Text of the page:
World Neurosurg. 2020
BACKGROUND Many clinical and demographic factors can influence survival of patients with hematological malignancies who have intracranial hemorrhages. Understanding the influence of these factors on patient survival can guide treatment decisions and may inform prognostic discussions. We conducted a systematic literature review to determine survival of patients with intracranial hemorrhages and concomitant hematologic malignancy. METHODS A systematic literature review was conducted and followed Preferred Reporting Items for Systematic Reviews and Meta-Analysis (PRISMA) guidelines. Pubmed/MEDLINE, Web of Science, Ovid, SCOPUS, and Embase databases were queried with the following terms: ("intracranial hemorrhages" OR "brain hemorrhage" OR "cerebral hemorrhage" OR "subdural hematoma" OR "epidural hematoma" OR "intraparenchymal hemorrhage") AND ("Hematologic Neoplasms" OR "Myeloproliferative Disorders" OR "Myelofibrosis" OR "Essential thrombocythemia" OR "Leukemia"). Abstracts and articles were screened according to inclusion and exclusion criteria that were determined a priori. RESULTS Literature review yielded 975 abstracts from which a total of 68 full-text articles were reviewed. 12 articles capturing 634 unique patients were included in the final qualitative analysis. Median overall survival for all patients ranged from 20 days - 1.5 months while median overall survival for the subset of patients having ICH within 10 days of diagnosis of hematological malignancy was 5 days. Intraparenchymal hemorrhages, multiple foci of hemorrhage, transfusion-resistant low platelet counts, leukocytosis, low GCS scores at presentation, and ICH early in treatment course were associated with worse outcomes. CONCLUSIONS Survival for patients with hematological malignancies and concomitant ICHs remains poor. Early detection, recognition of poor prognostic and correction of hematological abnormalities appears essential to prevention and treatment of ICHs in this patient population.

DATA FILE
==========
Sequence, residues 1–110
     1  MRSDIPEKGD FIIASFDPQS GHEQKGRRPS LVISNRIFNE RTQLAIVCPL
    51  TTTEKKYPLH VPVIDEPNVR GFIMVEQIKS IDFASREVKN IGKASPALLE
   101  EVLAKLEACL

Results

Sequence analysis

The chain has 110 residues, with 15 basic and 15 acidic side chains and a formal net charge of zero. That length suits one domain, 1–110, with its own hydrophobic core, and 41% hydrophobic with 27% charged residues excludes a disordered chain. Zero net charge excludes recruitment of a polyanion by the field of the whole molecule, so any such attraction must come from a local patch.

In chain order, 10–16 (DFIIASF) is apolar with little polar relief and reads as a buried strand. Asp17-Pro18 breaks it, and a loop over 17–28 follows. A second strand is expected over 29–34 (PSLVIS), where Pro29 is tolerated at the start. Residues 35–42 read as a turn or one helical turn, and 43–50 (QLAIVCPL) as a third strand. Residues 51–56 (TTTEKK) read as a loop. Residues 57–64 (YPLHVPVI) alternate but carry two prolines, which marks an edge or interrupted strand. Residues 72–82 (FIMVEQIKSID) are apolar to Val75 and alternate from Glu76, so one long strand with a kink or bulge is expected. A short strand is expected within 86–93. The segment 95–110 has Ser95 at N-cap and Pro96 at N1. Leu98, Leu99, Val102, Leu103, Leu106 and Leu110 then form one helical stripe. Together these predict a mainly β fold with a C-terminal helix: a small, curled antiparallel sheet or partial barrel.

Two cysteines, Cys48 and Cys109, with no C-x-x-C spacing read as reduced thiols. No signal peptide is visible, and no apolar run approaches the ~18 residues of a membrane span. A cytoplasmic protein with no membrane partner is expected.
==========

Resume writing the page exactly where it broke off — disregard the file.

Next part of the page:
Restrictive versus liberal red blood cell transfusion strategies for people with haematological malignancies treated with intensive chemotherapy or radiotherapy, or both, with or without haematopoietic stem cell support